Edible oil exports in first half valued at Rs68.66 billionDespite the impressive export statistics, Nepal's soybean oil trade contributes very little to the national economy, economists say.
Nepal's edible oil exports to India reached Rs68.66 billion in the first six months of the current fiscal year, raising hopes of crossing the Rs100 billion mark by the end of the year.
Shipments in the first half of the fiscal year from mid-July 2021 to mid-January 2022 were up Rs17.44 billion year on year.
“The goal of increasing exports to Rs100 billion is becoming real and visible,” said Purushottam Ojha, former commerce secretary and a trade expert. “If India does not make any changes in the import tariff or does not make any provision to import refined vegetable oil directly from other countries by reducing the duty, this will definitely happen,” he told the Post.
According to the Department of Customs, Nepal exported Rs68.66 billion worth of edible oil in the first six months while importing crude soybean, palm and sunflower oils valued at Rs73.96 billion.
Nepal's exports of processed soybean oil totalled 145,561 tonnes worth Rs34.26 billion during the first half. During the same period of the last fiscal year 2020-21, shipments came to 115,644 tonnes valued at Rs17 billion.
Imports of crude soybean came to 1 million tonnes worth Rs36.54 billion in the first six months of the current fiscal year. During the same period, the country earned revenue amounting to Rs3.23 billion in import duty from the import of crude soybean oil.
Most of the imports of crude soybean oil came from Argentina, Brazil and Paraguay.
Nepal's palm oil exports reached 153,133 tonnes worth Rs31.97 billion during the review period.
The country imported 207,957 tonnes of crude palm oil worth Rs27.49 billion during the same period. Palm oil imports contributed Rs1.79 billion in import duty to the government coffers.
Nepal imported crude palm oil mainly from Indonesia, Malaysia and the Philippines.
The country exported sunflower oil worth Rs2.41 billion during the review period.
“We are spending a huge amount of money while importing raw materials and paying for them in dollars and exporting the finished products for Indian currency,” Ojha said. “So, we can say that it is not a sustainable export,” he said.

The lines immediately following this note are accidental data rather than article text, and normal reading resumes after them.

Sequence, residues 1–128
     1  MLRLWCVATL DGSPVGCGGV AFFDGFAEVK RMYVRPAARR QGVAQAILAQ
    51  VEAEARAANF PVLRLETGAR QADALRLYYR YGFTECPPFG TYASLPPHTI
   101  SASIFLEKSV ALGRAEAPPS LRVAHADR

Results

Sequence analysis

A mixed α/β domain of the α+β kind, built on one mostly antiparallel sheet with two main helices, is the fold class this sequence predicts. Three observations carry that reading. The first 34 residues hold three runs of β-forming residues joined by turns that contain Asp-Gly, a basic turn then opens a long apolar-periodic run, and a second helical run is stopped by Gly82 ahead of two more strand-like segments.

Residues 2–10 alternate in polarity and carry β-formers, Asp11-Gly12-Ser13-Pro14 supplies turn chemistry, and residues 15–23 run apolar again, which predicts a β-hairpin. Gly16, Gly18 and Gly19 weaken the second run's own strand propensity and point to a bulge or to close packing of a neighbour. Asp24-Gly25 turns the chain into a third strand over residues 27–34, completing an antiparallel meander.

According to Ojha, if the Indian government reduces the import duty on edible oil from other countries, edible oil exports from Nepal will face the same fate as exports of vegetable fat did in 2004-05.
"Exports of vegetable fat increased enormously in 2002-03, but when the Indian government lowered the import duty, shipments from Nepal stopped completely," he said.
“If this happens in the case of soybean and palm oil, the whole export boom will collapse,” Ojha added.
"Exports are actually just being channelled or re-routed through a least developed country like Nepal and Bangladesh due to zero tariff," Ojha said.
"India might be doing this as importing edible oil in this manner means lower prices for Indian buyers even though the government may lose out on revenue," Ojha said. "Vegetable oil is mostly used by the public, and so the Indian government tries to keep down prices."
Despite the impressive export statistics, Nepal's soybean oil trade contributes very little to the national economy, economists say.
Trade experts say importing crude oil under zero tariff privilege and exporting it to India under zero traffic privilege gives Nepali traders a net profit of 45 percent, excluding other profits.
Tariff exemptions on Nepali exports to India under the South Asian Free Trade Area (SAFTA) agreement give domestic traders an advantage. Countries outside of South Asia are slapped with tariffs of 45 percent on soybean oil.
According to Indian media reports, Indians will probably buy expensive cooking oils from overseas for at least another 15 years as demand continues to far outpace domestic production. Consumption is expected to climb in India by as much as 17 percent over the next four years.
India is one of the world’s largest buyers of vegetable oils as farmers have typically focused on growing cotton and staples like rice, wheat and sugar, partly because the government sets price floors for these crops and buys some of them, such as food grain in bulk for its welfare programmes, the report said.
Trade economists say that the government is happy that it has met the Rs100 billion export target set a decade ago; but if edible oil exports, which Nepal does not produce or produces very little, were to be removed from the trade list, exports will go into negative growth.